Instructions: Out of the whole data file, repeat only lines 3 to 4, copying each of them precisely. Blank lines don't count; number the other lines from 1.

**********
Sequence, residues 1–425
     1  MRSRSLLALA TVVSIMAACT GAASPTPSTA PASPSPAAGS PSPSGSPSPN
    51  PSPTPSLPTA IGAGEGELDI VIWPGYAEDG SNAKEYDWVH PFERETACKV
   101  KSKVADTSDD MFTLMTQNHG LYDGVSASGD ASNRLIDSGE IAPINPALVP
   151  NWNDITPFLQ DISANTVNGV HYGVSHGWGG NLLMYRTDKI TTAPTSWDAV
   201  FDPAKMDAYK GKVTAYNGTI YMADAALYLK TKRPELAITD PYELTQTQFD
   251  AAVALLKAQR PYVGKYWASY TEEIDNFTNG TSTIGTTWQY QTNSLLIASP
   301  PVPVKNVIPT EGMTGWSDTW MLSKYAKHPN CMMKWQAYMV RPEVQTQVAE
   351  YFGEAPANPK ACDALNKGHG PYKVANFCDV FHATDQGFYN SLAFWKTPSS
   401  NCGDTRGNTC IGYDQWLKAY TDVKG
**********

    51  PSPTPSLPTA IGAGEGELDI VIWPGYAEDG SNAKEYDWVH PFERETACKV
   101  KSKVADTSDD MFTLMTQNHG LYDGVSASGD ASNRLIDSGE IAPINPALVP